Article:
Malaria - Despair and Hope
The malaria parasite (Plasmodium falciparum) is a notorious killer and has more than half a million deaths per year on its conscience. The World Health Organization estimate that more than 3 billion people, in more than 100 countries, live in areas where they are frequently at risk of contracting the illness.
Thankfully, researchers are working tirelessly towards victory against humanity’s most dangerous predator: the malaria parasite. Their research ranges from the potential development of a vaccine to a reduction of transmission rates through genetic engineering of mosquitoes. The latter is also of interest for tackling the infection rates and spread of other illnesses also using mosquitoes as vectors, like the infamous Zika virus.
This video shows the horrors and break-throughs of the malaria saga. However, the future looks bright: let’s hope for more EUREKA moments in malaria research and for humanity to beat this foe, once and for all.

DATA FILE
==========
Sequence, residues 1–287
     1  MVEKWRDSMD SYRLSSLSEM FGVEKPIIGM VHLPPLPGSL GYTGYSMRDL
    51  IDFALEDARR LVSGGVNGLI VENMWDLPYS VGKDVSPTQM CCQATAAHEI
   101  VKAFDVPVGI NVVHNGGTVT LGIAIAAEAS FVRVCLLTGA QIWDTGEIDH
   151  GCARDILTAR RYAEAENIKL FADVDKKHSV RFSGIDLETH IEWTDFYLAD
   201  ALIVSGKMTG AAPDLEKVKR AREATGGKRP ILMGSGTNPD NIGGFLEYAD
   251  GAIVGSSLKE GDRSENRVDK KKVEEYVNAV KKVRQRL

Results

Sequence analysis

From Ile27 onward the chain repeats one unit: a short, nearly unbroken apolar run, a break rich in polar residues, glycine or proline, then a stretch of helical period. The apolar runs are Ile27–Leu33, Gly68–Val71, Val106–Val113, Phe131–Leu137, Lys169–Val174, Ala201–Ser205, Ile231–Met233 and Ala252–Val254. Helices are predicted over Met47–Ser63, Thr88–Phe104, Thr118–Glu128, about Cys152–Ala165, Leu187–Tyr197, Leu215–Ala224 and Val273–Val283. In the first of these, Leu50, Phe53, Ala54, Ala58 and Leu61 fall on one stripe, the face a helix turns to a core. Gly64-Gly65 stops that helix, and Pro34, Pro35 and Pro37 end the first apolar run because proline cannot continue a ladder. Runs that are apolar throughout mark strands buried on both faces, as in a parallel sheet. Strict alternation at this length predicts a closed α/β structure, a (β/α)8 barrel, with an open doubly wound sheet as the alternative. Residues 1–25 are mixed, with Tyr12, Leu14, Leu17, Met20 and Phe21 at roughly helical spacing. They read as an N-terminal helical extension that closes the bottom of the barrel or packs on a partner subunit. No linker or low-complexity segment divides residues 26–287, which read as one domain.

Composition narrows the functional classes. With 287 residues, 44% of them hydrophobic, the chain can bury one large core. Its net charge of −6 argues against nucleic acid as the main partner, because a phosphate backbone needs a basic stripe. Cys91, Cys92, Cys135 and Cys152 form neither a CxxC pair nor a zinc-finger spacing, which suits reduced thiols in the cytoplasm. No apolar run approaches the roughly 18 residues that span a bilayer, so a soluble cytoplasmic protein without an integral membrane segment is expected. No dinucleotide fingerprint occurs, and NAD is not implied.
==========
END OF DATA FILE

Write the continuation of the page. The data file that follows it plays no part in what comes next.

Malaria Transmission Process
Not all mosquito types are potential carriers of the malaria parasite; the main perpetrator is the Anopheles mosquito commonly present in sub-Saharan Africa. Humans get infected by the plasmodium (malaria) parasite upon being bitten by the insect. The parasites then migrate to the liver cells where they multiply in number. The next stage of the infection involves an attack on the host’s erythrocytes (red blood cells) in which the parasite continues to increase in number. The erythrocytes eventually burst and release so-called merozoites, a type of daughter parasite that continues to infect even more erythrocytes. This process more than often continues until the patient dies.
Certain gametocyte cells can be picked up by a mosquito from the host when bitten, and so the life cycle of the parasite continues.
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